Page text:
The insula-claustrum region and delusions in schizophrenia
ABSTRACT We examined the relationship between cerebral gray matter (GM) volume and severity of delusions and hallucinations in adults with schizophrenia.
MRI scans in 43 patients with schizophrenia were acquired. Correlations were computed between GM volume and clinician ratings of hallucinations and delusions.
The analysis revealed significant inverse correlations between ratings of the severity of delusions and volumes of the left claustrum and right insula. Significant correlations were not observed between cerebral GM volume and ratings of hallucinations.
The insula/claustrum region may be critical to the experience of delusions and more careful scrutiny of the claustrum in relation to schizophrenia appears warranted.
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ABSTRACT: Although individuals vulnerable to psychosis show brain volumetric abnormalities, structural alterations underlying different probabilities for later transition are unknown. The present study addresses this issue by means of voxel-based morphometry (VBM). We investigated grey matter volume (GMV) abnormalities by comparing four neuroleptic-free groups: individuals with first episode of psychosis (FEP) and with at-risk mental state (ARMS), with either long-term (ARMS-LT) or short-term ARMS (ARMS-ST), compared to the healthy control (HC) group. Using three-dimensional (3D) magnetic resonance imaging (MRI), we examined 16 FEP, 31 ARMS, clinically followed up for on average 3 months (ARMS-ST, n=18) and 4.5 years (ARMS-LT, n=13), and 19 HC. The ARMS-ST group showed less GMV in the right and left insula compared to the ARMS-LT (Cohen's d 1.67) and FEP groups (Cohen's d 1.81) respectively. These GMV differences were correlated positively with global functioning in the whole ARMS group. Insular alterations were associated with negative symptomatology in the whole ARMS group, and also with hallucinations in the ARMS-ST and ARMS-LT subgroups. We found a significant effect of previous antipsychotic medication use on GMV abnormalities in the FEP group. GMV abnormalities in subjects at high clinical risk for psychosis are associated with negative and positive psychotic symptoms, and global functioning. Alterations in the right insula are associated with a higher risk for transition to psychosis, and thus may be related to different transition probabilities.Psychological Medicine 11/2011; 42(8):1613-25. DOI:10.1017/S0033291711002716 · 5.43 Impact Factor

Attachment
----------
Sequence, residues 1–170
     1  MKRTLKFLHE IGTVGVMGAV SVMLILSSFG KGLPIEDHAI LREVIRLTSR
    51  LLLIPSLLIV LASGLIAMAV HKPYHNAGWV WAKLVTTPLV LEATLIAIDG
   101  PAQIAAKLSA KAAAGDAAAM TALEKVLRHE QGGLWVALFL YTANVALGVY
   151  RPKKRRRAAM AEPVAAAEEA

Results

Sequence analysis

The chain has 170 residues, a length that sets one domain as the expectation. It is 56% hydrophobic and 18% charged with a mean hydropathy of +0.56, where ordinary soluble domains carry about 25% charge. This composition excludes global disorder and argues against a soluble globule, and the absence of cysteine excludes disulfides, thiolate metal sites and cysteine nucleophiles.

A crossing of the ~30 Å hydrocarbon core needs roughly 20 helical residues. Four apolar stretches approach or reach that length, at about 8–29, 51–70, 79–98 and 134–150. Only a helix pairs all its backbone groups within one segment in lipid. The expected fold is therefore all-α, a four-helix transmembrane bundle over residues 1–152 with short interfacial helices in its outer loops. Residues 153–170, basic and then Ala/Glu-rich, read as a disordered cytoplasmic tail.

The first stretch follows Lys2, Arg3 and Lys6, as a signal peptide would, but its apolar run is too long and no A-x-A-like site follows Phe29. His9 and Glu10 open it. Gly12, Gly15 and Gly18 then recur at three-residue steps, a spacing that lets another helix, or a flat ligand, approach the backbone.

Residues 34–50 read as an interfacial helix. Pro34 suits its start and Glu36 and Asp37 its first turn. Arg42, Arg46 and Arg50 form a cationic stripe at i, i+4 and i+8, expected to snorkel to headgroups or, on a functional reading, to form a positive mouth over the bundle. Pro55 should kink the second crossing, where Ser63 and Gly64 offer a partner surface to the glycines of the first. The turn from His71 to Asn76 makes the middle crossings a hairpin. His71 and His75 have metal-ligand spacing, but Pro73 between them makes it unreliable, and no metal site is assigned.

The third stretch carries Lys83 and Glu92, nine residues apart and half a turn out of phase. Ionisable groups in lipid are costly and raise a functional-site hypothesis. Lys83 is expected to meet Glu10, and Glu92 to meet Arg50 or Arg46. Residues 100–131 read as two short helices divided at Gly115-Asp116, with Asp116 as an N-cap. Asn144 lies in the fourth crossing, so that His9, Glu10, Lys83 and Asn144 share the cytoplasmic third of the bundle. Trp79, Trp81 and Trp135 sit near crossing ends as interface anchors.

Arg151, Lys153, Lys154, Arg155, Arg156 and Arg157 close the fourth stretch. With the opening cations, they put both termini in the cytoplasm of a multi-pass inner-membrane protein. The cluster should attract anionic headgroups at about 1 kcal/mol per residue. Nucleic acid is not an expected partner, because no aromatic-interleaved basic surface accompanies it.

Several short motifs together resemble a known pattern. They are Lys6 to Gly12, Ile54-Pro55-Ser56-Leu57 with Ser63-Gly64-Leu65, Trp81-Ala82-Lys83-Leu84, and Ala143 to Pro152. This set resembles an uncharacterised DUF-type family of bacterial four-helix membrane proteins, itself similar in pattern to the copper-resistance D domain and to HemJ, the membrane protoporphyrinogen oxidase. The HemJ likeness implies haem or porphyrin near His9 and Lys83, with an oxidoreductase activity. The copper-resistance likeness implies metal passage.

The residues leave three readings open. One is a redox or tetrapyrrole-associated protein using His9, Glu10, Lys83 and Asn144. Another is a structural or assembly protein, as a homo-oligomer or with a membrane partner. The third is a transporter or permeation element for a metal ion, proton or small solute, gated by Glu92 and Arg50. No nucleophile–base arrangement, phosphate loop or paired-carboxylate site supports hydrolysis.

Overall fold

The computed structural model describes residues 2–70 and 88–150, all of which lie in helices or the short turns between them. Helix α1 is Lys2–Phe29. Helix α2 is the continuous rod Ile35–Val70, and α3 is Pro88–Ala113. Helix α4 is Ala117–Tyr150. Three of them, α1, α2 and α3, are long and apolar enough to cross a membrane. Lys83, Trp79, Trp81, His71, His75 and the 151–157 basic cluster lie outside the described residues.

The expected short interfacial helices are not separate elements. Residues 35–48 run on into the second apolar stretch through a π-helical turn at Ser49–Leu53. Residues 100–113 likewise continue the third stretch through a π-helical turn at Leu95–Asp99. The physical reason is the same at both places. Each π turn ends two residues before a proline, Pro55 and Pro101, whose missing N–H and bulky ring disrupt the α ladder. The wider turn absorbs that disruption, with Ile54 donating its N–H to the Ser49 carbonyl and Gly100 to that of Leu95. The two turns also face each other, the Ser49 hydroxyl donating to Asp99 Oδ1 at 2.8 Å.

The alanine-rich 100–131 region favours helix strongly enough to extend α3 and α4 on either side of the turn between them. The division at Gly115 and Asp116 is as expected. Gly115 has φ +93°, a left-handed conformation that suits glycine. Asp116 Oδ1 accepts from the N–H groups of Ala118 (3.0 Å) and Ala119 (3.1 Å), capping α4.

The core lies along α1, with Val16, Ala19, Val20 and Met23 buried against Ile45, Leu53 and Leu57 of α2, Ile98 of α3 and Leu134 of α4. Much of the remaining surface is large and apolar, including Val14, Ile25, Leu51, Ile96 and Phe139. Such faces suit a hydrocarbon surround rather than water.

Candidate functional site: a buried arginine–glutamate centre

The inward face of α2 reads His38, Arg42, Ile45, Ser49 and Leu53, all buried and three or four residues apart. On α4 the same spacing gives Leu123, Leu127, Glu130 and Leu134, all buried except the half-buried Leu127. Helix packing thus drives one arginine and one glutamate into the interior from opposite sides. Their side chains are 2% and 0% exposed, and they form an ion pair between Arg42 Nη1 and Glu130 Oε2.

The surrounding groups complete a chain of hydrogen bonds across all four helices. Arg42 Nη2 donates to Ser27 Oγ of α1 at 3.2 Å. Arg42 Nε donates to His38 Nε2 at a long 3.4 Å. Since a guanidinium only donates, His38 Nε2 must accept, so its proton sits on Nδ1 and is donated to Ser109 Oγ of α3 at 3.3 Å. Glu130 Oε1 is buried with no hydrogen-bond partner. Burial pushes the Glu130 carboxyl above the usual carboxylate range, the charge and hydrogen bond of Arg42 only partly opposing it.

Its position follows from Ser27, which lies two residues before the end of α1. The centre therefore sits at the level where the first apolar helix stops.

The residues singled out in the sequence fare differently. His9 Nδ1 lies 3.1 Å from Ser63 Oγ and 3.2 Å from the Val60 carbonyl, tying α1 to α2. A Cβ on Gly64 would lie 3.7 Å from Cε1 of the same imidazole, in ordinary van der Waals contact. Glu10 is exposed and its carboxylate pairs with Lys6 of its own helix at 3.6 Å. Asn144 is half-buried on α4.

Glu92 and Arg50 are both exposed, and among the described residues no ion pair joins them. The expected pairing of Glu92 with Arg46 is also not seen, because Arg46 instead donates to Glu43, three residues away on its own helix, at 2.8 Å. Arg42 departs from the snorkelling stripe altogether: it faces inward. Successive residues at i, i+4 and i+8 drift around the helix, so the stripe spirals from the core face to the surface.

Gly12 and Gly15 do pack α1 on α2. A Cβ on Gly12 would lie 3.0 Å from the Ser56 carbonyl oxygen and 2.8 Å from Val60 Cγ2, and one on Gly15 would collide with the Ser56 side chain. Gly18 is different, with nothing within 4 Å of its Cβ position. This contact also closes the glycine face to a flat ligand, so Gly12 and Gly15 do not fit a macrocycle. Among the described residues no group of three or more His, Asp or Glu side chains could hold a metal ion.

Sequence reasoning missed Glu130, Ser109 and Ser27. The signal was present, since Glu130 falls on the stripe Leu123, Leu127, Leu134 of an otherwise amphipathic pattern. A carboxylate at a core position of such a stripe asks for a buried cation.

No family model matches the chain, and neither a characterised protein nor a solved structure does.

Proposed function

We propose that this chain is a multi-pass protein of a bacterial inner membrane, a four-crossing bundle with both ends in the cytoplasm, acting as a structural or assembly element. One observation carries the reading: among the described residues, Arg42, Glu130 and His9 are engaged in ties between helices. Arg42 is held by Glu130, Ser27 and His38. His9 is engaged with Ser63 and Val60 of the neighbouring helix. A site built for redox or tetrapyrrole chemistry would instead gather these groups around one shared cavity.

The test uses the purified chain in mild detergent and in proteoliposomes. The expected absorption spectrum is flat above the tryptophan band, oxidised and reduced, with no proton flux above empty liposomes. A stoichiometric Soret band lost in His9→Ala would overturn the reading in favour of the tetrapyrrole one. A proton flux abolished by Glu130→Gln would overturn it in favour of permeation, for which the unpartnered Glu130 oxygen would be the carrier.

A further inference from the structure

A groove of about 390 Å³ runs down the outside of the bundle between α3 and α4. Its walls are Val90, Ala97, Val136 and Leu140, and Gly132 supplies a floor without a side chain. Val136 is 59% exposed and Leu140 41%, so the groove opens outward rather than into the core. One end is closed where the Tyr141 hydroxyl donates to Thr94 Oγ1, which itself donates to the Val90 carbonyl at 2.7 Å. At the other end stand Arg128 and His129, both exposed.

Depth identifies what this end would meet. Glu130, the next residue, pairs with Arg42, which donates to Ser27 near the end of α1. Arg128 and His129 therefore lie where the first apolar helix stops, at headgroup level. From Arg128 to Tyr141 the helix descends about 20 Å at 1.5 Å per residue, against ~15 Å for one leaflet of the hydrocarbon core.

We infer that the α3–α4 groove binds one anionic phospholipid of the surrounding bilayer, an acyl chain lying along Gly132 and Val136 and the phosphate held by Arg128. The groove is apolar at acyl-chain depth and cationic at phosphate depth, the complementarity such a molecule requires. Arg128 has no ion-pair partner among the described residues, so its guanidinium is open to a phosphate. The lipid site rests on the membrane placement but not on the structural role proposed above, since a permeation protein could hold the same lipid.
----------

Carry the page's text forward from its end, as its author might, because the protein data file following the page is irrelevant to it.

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ABSTRACT: The claustrum is a small structure of poorly understood function situated subcortically in the basal forebrain. The fact that it is extensively and reciprocally connected with the cerebral cortex has led to suggestions that it is involved in coordination of cortical activity. In this study, we created excitotoxic lesions to the anterior claustrum of rats and tested performance on three tasks that involve neural processing in one or more frontal and limbic cortical structures. We tested reversal learning and spatial working memory in a water maze and tested latent inhibition using conditioned taste aversion. Lesioned rats were not impaired at acquiring the initial location of the platform in a water maze, but were impaired at acquiring a switched location in the reversal phase. The lesioned rats also exhibited an increased rate of perseverance errors compared to control rats during reversal. Lesioned rats were not impaired in the working memory task or latent inhibition. These results indicate that cell loss in the claustrum may lead to deficits in behavioral flexibility, and are consistent with theories of claustral function that suggest it may help coordinate information necessary for at least some cortical-dependent tasks.Brain research 01/2013; 1499. DOI:10.1016/j.brainres.2013.01.014 · 2.83 Impact Factor
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ABSTRACT: This study proposes a transdiagnostic framework for delusion development, analysing psychiatric (schizophrenia, bipolar disorder, major depressive disorder) and neurological disorders (stroke, and neurodegenerative diseases) in which delusions are predominant. Our aim is to identify a transdiagnostic core of neural and cognitive alterations associated with delusions across distinct clinical disorders. Reviewed empirical evidence suggests delusions are associated: on the neural level with changes in the ventromedial prefrontal cortex (vmPFC) networks, and on the neuropsychological level with dysfunction in the processes (generation of affective value, the construction of internal models of the world, and the reflection about Self and/or Other's mental states) that these network mediate. The concurrent aberration of all these processes could be critical for the clinical transition to a psychotic delusional state. In particular, delusions could become clinically manifest when (1) stimuli are attributed an aberrant affective salience, that (2) is explained by the patient within distorted explanatory internal models that (3) are poorly inhibited by cognitive control systems. This framework extends the two-factor account of delusion model and suggests that common neural mechanisms for the delusions in psychiatric and in neurological disorders.08/2013; 210(3). DOI:10.1016/j.psychres.2013.07.032